In addition to writing or co-writing four songs on the project, the trio has made it a priority to embrace songs that they see the church beginning to embrace. This includes the title track, which Phillips discovered on his weekly TV program, Awakening. The praise and worship-themed show sought to discover the best song from an unknown songwriter, and Michael Ferrin of Texarkana, Texas, took home the top prize.

"When I heard him [Ferrin] sing it live it was one of those moments," Phillips recalls. "I think when people hear it, it's going to cause them to reach out to Christ with a renewed passion."
Eric Wilbanks

The Warrior's Heart
By Harry R. Jackson Jr.

"The church is an army," Harry Jackson writes in the Warrior's Heart, "Not a volunteer fire department." This statement sums up the author's contention that spiritual warfare is not merely an optional duty for believers--it is a serious and crucial endeavor that we all are involved in, whether we know it or not.

Jackson argues that Westerners have become too rationalistic in our worldview, attributing natural events to natural causes and spiritual events to spiritual causes. On the contrary, he writes, "The spiritual precedes the natural and the natural explains the spiritual."

In other words, events in the physical realm, whether they be political, social, familial, and so on, usually have a corresponding cause in the spiritual realm. Likewise, situations in the physical world may often be indicators of what is going on "beneath the surface."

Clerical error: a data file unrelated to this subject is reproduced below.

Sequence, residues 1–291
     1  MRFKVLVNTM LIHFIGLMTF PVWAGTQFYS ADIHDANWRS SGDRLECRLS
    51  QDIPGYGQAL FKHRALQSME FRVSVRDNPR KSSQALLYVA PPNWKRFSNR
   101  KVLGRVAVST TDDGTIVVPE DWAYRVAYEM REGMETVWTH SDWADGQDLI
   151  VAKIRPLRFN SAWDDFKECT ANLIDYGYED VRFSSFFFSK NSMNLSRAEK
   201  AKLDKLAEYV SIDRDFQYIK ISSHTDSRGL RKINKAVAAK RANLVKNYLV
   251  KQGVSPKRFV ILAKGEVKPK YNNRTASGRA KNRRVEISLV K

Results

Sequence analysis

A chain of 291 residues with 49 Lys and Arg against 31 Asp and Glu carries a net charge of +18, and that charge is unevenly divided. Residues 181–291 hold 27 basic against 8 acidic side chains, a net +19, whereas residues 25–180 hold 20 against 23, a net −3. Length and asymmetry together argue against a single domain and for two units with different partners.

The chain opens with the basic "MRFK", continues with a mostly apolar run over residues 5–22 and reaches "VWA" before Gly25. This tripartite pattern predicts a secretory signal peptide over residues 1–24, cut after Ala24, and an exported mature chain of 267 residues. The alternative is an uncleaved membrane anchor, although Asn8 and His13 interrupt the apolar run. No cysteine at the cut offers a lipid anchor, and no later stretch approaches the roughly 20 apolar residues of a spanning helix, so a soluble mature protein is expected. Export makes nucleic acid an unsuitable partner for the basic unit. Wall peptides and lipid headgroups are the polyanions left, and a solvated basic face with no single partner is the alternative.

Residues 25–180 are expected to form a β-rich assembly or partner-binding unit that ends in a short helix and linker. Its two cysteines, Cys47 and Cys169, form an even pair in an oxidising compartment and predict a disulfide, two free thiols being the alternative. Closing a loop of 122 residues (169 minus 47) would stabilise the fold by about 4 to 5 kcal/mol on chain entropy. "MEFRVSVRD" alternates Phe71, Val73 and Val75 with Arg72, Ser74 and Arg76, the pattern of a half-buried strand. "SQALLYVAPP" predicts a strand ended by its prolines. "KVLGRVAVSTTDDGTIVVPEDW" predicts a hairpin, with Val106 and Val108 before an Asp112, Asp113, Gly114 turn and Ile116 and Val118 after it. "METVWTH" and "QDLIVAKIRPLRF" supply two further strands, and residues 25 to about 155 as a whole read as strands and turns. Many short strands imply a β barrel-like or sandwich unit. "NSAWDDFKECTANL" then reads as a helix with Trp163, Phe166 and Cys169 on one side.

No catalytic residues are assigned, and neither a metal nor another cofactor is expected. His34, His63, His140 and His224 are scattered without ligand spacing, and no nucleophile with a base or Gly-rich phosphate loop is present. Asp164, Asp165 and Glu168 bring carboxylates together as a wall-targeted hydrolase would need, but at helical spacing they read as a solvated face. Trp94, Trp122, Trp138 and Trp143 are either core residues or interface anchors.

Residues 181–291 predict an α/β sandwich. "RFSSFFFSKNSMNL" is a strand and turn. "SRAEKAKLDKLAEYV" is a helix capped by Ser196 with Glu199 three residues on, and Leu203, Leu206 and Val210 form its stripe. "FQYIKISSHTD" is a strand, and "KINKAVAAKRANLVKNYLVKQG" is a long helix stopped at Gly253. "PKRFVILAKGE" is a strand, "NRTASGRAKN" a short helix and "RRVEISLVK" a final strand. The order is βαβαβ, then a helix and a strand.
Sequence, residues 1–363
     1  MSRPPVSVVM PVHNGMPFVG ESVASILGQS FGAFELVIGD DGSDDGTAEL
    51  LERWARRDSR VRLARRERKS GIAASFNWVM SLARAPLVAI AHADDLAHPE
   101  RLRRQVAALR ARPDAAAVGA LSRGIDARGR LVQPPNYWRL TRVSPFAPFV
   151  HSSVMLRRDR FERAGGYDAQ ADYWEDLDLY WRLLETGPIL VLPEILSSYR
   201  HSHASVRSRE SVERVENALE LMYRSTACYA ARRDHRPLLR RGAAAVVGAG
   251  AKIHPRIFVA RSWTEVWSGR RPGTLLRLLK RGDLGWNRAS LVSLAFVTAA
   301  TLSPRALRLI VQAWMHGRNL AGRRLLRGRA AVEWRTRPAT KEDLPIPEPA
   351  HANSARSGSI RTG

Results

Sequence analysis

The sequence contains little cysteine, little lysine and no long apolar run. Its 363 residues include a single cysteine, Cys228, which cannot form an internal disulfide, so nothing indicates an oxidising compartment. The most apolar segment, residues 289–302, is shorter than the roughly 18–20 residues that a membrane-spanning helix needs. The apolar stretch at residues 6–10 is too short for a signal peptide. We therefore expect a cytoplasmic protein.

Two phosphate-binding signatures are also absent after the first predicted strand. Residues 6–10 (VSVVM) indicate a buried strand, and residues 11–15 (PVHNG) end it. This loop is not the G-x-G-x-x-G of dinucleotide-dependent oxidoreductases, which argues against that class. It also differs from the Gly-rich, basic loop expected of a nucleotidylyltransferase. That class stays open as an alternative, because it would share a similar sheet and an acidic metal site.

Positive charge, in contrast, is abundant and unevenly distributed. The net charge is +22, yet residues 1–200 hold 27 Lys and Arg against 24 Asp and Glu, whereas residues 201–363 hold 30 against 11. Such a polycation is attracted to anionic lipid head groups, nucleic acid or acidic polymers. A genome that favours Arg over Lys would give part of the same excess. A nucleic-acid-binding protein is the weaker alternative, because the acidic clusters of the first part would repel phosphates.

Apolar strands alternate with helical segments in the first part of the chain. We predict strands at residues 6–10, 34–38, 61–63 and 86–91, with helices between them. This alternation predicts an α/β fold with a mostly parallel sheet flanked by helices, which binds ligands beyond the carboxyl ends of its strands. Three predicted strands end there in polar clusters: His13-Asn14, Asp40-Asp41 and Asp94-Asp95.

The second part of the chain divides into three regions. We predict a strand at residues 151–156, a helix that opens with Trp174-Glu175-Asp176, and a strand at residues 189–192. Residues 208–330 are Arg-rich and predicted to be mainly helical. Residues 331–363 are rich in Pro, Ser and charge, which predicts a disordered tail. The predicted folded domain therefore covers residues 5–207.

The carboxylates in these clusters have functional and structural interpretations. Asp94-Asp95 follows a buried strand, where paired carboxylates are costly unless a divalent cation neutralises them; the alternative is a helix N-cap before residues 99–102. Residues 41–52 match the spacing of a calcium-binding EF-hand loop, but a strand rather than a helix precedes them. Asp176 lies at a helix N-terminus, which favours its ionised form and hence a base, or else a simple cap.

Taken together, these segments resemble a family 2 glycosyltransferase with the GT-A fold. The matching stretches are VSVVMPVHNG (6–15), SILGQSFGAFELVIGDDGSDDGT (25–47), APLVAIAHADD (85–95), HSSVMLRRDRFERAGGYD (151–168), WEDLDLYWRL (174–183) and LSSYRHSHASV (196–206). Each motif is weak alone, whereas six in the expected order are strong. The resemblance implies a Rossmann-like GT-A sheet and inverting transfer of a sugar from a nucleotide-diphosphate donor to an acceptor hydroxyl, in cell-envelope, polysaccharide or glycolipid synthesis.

However, Jackson is reluctant to portray spiritual warfare as an ethereal activity. Rather, he contends that it is a practical venture that must be rooted in the disciplines of daily life.

This is why the bulk of his book is focused not on the mechanics of battling spiritual strongholds, but on the inner life and relationships of the warrior.

On a topic in which some authors have a tendency to write based on personal experience or sketchy revelations, readers will appreciate the fact that Jackson is well-read and engages diverse sources to present his unconventional but insightful take on spiritual warfare.
Matthew Green

Summoned to Lead
By Leonard Sweet

Not another book on leadership ... That's what you're thinking, but don't let the nondescript title of this fresh, new book fool you.

Leonard Sweet is known for the new and the fresh, and his recent books on postmodernity, leadership and "being" the church have spawned a cadre of faithful disciples. But Sweet's poetic writing, historic quotes and creative imagery do more than describe artistic ideas with no practical means of applying them. Rather, he combines biblical truth and ancient principles with modern, high-tech tactics for those of us who are still figuring out what leadership is all about.